• Fibrates-Coenzyme Q10, Vitamin E, Potassium

 

Coenzyme Q10

 

How much you may need per day if you use a supplement: 30-100mg (4)

 

Good Food Sources:  Beef, chicken, trout, salmon, oranges, broccoli (4)

 

Phosphorus

 

How much you may need per day if you use a supplement: 700 mg (4)

 

Good Food Sources:  Plain yogurt, lentils, salmon, milk, halibut (4)

 

Vitamin D

 

How much you may need per day if you use a supplement: 400 IU (4)

 

Good Food Sources:  Salmon, mackerel, sardines, eel, fortified milk, cod liver oil, sword fish, tuna, fortified orange juice (4,5)

 

Calcium

 

How much you may need per day if you use a supplement: 1,200 mg (4)

 

Good Food Sources:  Milk, dried figs, cheese, yogurt tofu, sardines, dairy alternatives, fortified cereal, salmon, dark leafy greens (4,5)

 

Vitamin A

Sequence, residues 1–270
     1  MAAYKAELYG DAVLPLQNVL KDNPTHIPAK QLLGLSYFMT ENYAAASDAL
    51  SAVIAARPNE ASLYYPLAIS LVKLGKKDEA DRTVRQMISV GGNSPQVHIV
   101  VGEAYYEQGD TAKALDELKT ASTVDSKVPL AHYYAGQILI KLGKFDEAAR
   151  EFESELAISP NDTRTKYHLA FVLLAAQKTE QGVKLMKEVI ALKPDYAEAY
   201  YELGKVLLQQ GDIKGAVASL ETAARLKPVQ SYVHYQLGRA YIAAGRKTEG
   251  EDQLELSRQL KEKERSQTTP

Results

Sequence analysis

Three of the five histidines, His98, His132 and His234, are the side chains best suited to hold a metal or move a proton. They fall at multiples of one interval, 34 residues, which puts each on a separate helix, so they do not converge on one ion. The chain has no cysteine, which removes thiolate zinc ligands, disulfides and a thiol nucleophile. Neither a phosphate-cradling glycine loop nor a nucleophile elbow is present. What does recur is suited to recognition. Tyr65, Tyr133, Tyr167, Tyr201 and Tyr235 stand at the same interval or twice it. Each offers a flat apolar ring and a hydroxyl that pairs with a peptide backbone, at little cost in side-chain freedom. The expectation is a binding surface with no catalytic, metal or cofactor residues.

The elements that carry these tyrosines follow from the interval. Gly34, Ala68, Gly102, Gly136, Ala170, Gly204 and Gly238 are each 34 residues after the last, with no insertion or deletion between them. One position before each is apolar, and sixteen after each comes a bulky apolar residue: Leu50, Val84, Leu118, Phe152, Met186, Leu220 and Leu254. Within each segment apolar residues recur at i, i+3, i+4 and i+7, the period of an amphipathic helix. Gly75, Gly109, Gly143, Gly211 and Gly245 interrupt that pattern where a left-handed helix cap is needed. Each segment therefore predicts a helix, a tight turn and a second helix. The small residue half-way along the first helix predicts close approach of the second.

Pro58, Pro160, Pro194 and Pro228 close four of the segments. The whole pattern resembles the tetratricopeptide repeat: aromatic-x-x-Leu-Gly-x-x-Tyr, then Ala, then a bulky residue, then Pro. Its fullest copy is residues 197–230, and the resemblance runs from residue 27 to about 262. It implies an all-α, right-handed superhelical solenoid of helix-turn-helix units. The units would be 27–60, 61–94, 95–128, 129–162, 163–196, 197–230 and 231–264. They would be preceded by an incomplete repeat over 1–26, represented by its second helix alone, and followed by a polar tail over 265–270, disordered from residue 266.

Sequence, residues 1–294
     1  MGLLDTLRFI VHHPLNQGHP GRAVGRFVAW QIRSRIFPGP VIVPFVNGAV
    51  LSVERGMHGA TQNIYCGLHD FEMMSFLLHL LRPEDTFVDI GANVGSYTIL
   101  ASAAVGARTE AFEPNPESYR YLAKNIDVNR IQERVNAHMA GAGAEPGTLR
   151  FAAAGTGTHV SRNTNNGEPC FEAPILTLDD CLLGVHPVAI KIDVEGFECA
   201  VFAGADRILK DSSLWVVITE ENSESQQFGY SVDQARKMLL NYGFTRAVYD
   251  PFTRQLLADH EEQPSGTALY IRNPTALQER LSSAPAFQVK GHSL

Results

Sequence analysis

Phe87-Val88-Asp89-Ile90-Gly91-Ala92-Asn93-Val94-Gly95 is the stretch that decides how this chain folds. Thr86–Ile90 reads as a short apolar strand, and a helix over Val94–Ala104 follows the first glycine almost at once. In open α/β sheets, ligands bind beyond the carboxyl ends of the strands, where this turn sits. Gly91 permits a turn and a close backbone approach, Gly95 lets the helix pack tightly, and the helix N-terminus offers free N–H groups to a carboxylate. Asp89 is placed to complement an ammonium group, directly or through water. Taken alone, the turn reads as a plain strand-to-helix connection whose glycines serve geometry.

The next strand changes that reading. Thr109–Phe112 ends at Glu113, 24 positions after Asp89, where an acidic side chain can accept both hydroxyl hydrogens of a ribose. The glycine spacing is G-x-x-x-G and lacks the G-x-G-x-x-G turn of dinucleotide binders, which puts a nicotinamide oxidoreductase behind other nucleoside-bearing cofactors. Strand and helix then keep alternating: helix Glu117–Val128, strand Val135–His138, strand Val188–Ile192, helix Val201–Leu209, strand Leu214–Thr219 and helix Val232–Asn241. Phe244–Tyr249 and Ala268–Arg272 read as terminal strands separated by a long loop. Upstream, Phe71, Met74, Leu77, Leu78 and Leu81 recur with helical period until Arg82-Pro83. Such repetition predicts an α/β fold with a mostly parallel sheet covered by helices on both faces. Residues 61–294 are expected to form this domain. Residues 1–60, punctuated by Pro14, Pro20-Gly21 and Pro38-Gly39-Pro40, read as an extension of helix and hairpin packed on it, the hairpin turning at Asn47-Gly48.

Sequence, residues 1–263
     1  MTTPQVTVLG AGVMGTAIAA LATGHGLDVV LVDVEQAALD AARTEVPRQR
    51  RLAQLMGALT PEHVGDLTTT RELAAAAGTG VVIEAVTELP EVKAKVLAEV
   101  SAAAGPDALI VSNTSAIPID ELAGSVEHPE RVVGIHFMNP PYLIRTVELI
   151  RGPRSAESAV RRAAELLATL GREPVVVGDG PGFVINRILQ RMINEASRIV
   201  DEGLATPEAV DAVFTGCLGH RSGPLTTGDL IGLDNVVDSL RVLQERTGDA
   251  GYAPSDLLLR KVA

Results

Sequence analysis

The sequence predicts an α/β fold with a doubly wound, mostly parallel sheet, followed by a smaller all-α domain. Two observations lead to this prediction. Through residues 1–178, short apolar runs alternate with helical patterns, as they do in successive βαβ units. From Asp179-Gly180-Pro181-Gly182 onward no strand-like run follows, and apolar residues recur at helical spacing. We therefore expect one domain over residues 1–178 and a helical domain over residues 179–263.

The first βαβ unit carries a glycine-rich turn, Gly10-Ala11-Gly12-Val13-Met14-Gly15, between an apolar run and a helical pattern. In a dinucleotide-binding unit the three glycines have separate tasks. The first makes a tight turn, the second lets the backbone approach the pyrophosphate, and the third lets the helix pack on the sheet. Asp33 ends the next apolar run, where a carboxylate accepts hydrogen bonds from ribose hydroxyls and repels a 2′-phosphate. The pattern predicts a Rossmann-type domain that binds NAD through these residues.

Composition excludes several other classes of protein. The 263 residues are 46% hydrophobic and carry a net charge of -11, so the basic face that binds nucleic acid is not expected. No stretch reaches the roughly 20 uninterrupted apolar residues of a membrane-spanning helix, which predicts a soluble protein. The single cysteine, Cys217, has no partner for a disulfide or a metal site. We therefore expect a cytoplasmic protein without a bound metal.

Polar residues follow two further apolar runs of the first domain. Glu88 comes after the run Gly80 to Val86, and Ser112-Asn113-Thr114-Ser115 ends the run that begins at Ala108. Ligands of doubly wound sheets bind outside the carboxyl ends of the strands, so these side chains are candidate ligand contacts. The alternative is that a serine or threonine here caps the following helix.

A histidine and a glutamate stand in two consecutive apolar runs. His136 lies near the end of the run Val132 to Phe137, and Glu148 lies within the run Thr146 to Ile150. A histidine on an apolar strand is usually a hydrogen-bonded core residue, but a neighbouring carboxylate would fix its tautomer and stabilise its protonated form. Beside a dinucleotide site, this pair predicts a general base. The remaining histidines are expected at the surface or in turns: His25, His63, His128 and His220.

How much you may need per day if you use a supplement: 5,000 IU (4)

 

Good Food Sources:  Beef, liver, chicken, milk, sweet potato, carrots, pumpkin, spinach, red peppers, cantaloupe, chedder cheese, fortified cereal (4,5)

 

Vitamin E

 

How much you may need per day if you use a supplement: 400 IU (4)

 

Good Food Sources:  Wheat germ oil, almonds, safflower oil, corn oil, soybean oil, sunflower oil, hazelnuts, peanut butter (4,5)

 

Beta Carotene

 

How much you may need per day if you use a supplement: 25,000 IU (4)

 

Good Food Sources:  Carrots, spinach, mango, cantaloupe, apricot nectar  (4)

 

Folic Acid

 

How much you may need per day if you use a supplement: 400-800 mcg (4)